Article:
Sermon Ideas For Luke 5:1-11 Part 4
Several years ago, two land surveyors were sent from a large city in Wales to survey the mountains in North Wales. They stayed for a week at an isolated shepherd's cottage. During the day they climbed the steep slopes, charting the contours, checking the landmarks, and tracing the mountain streams to their sources. Each night they returned to the cottage. Near the end of the week, just before retiring for the night, the old shepherd suggested he might accompany them on the mountain the next day. "There's no need," the confident men of the city replied. "We can't possibly get lost. We have our compass, our charts, and the maps." "I'd better come with you," the old shepherd insisted. "There's really no need," they replied again. "The map will bring us home." "But," the old man persisted, "I know the mountain tracks like the back of my hand. I know where the steep precipices are. I know where the bog runs deep. I know where the bracken covers the crevices." "It's all on the map," repeated the city men. "The map will bring us home." The old man was quiet for a moment and then spoke once more: "You may have the map, but the fog isn't on the map."
This seashore event challenges a commonly held assumption. Peter was a professional fisherman being directed in his efforts by a village carpenter. Peter knew this lake. He knew how to fish it. Jesus was an exciting teacher about God, but he was a small town builder. Peter knew the realities of the sea. He assumed he was better qualified to direct the fishing effort. Yet, when he submitted to the direction of Jesus, the results were far beyond anything he could have expected.
We think Jesus is a great help for "spiritual matters" but irrelevant for other life issues. We compartmentalize our lives. For our jobs, we rely on company policy and procedures; for our family life, we utilize sociology and psychology; for national issues, we rely on politics; for world issues, we rely on diplomacy; for finances, we rely on economics. Oh yes, for spiritual matters, we bring in Jesus.
We think we know how to live in the real world. After all we are the ones who have to live here. Many of us are confident of our abilities to handle the realities of this life.
In the Spring of 1978, the Academy of Science Fiction, Fantasy, and Horror Films presented their annual awards. One of the winners was the film, Oh God!, which is based on the assumption that God is real and wants people to love one another. It was designated the "Best Fantasy Film of the Year." Unfortunately, even those who are called Christian may consider it a fantasy really to let God direct our lives. But then someone really submits to the direction of Jesus and finds a way of living beyond anything that could be expected.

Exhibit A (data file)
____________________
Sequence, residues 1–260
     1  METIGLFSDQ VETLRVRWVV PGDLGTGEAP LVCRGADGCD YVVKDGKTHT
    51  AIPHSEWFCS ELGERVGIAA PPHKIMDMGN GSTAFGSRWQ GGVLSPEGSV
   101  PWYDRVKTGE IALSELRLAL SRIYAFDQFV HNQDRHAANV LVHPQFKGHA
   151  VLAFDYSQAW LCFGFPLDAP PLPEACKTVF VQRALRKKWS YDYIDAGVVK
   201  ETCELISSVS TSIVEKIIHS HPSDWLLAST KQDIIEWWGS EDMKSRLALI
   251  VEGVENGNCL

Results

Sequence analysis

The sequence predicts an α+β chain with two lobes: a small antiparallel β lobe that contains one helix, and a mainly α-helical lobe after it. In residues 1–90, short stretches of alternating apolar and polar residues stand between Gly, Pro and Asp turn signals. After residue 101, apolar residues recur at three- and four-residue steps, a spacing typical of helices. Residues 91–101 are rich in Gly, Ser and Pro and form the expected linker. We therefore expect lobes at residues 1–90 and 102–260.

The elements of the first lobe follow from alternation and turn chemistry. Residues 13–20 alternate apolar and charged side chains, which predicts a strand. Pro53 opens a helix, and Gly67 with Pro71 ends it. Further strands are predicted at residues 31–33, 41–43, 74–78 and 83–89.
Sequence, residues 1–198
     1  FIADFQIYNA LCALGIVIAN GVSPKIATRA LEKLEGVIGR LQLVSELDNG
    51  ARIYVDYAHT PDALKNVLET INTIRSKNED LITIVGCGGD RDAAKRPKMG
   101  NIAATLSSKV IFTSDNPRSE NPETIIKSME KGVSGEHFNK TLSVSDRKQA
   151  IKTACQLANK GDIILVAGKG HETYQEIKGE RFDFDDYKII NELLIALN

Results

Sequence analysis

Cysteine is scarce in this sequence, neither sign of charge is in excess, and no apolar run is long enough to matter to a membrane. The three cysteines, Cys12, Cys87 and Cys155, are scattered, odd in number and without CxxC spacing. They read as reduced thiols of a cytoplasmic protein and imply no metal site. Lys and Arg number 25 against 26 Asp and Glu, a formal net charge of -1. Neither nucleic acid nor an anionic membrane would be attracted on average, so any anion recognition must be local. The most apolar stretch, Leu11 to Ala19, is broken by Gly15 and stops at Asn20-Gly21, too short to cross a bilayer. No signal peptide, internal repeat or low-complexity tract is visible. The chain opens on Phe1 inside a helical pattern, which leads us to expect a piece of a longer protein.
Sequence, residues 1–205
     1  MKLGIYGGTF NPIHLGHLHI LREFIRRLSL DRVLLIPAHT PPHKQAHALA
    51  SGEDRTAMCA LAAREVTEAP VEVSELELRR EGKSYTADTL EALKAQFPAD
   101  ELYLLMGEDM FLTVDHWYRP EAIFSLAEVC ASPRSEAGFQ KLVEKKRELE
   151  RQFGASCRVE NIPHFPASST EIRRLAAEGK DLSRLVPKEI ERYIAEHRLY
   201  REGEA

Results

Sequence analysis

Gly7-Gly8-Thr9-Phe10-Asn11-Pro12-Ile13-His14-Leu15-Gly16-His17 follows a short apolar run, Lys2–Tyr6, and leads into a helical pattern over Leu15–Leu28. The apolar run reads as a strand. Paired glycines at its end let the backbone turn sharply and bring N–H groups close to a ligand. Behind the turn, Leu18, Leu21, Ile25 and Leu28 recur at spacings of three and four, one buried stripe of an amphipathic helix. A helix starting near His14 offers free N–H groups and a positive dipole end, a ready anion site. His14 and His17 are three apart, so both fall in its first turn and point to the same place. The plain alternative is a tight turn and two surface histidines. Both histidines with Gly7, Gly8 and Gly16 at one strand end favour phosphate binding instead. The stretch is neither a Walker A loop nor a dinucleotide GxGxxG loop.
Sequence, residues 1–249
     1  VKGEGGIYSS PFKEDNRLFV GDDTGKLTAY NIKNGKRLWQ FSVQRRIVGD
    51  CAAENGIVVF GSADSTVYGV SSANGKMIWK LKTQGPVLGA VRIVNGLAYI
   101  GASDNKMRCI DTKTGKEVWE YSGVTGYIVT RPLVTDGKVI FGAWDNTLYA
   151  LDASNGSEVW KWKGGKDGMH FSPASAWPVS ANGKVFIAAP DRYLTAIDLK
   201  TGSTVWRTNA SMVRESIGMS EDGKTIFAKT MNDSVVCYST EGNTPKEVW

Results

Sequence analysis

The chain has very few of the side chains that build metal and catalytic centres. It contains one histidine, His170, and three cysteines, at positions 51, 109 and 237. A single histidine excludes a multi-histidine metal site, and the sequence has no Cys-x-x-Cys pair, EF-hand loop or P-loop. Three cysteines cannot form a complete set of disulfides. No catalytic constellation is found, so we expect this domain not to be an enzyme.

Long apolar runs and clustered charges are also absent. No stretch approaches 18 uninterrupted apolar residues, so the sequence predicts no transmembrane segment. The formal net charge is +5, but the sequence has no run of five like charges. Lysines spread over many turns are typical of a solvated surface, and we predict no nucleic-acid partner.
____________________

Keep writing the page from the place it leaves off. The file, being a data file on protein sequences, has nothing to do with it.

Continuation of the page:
Simon had used his own experience and skills—but had caught no fish. Willing to submit to the guidance of this traveling rabbi from Nazareth, he made an abundant catch. Those today who are willing to organize their lives on the basis of the teaching and guidance of Jesus will live a different way in their society. Their values and priorities will be different. Stanley Hauerwas has called such people "resident aliens."
Living as a resident alien in American culture is not easy. Quite the opposite. But those who commit to such a course are not without resources. Jesus lived such a "different" life. He did so because of the presence and power of God in his life. His call then, his call today is to "follow him." Thus, this life of resident aliency is a life patterned after his. People today who accept his call follow his example of faithfulness to the ways of God, not the ways of society or culture, or "the world." The power for this different life today is the power Jesus had—the Spirit of God.
To "follow Jesus" is to leave everything behind. The tendency is to think of giving up possessions, or relationships, or careers. While it may mean that, more likely, it means giving up all the values, priorities, standards, and commitments that would supplant, or supplement, or distort those of Jesus.
The call of Jesus today can be misconstrued as a call to an institution, or a set of beliefs. Certainly the call of Jesus includes teaching and involvement in the church. But at its core, the call from Jesus is to a person. It is a relationship to him. This relationship to Jesus becomes central to all life. It is not a compartment, not a segment, of life. It is comprehensive. It includes the spiritual and the material. It includes faith and secular. It includes worship and work. It includes everything.